And with that, I would like to turn the call over to Larry Page for more details.

Larry Page, Founder and President, Products

Thank you George. We spend a lot of time at Google focusing on our users. We’re always finding new ways to serve their interests better. I want to talk about three areas where we’ve been targeting our innovation. We see the users want more personalized products that they can tailor to their needs. We see that they’re always looking to find more information easily. And we recognize that users are seeking new ways to get information using devices other than their PCs.

During this past quarter, we introduced several new products and services that we think will help meet these needs. On personalization, we’re learning that as people use Google more, they want more targeted results. So we’re bringing information to our users in more personalized ways. For example, our personalized search feature takes previous search history into account when presenting results and is now available in 12 languages. Users can set up Google News to get stories based on their preferences through the Google accounts login. We also launched 12 new local editions of Google News, expanding the reach of news information tailored to users.

More recently, we announced Google Personalized Home for mobile devices. A new service that enables users access to their personalized Google home page on their mobile phones and PDAs.

And just this week, we announced a beta version of Google Toolbar that offers the ability to store bookmarks and access them from anywhere and other new features.

To provide people with more information, we worked with more partners to add new content to our services. Google book search and a related library project, provide new ways for users to locate material that previously couldn’t be searched online. Google Base collects even more information about a wider diversity of new types of searchable content. The way we organize and present the content allows us to give users more targeted search results. We broadened the scope of Google Video so that users can search across the wide range of videos from many new content producers. We’ve already announced deals with CBS, the NBA, Charlie Rose and others, and expect to announce more in the coming quarter.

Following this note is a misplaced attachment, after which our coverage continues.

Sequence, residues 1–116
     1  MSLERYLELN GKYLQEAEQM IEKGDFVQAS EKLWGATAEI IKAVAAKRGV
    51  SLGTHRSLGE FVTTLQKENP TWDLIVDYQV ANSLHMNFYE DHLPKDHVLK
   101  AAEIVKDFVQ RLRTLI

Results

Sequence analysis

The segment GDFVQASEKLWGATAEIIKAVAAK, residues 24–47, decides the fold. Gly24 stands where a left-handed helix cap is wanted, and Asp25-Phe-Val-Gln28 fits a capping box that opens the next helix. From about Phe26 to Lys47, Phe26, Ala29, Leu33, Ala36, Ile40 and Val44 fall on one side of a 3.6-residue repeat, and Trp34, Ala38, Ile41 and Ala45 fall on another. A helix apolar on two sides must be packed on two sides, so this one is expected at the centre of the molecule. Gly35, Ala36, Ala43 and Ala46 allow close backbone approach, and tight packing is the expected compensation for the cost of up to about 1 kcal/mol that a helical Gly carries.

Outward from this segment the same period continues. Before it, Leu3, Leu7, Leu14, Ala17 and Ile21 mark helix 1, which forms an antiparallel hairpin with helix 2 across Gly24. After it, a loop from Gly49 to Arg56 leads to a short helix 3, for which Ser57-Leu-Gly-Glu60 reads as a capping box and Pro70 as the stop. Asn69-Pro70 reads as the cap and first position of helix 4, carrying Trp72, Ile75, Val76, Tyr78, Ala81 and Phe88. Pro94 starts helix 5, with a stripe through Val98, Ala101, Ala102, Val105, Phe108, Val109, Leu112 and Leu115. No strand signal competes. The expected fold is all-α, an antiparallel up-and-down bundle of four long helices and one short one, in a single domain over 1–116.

Finally, we are also giving our users more ways to access information. Last quarter, we released versions of both Gmail and Google Local for mobile devices. Anyone with a Gmail account can now easily get messages from their mobile phone. With Google Local now integrated with maps, users can access business listings, maps, driving directions and more on their mobile devices. RIM recently announced the release of Google Talk on their Blackberry hand held devices. We introduced Google personalized home for mobile, covering both seams that I discussed previously.

In addition, we signed agreements with Motorola and T-Mobile to provide search services to millions of mobile phone users. We believe that mobile applications are essential in bringing the internet experience to users in countries where mobile usage outpaces broadband.

Overall, we’re continuing to make progress towards our mission to organize the world’s information and to make it universally accessible and useful. Looking to 2006, we expect o launch more products that bring more information and more content to our users. Now I’ll turn the call over to Sergey.

Sergey Brin, Founder and President Technology

Thank you Larry. First I’d like to share some thoughts on our advertising business. At Google, we have built a user-centric business, meaning that ad-serving is based not only on when and where the advertiser wants an ad to be shown, but more importantly, when and where the user wants to receive the information. We have encouraged our advertisers to use an always-on approach to their campaigns, rather than a more traditional flight-based approach. And we are now really reaping the benefits of this approach.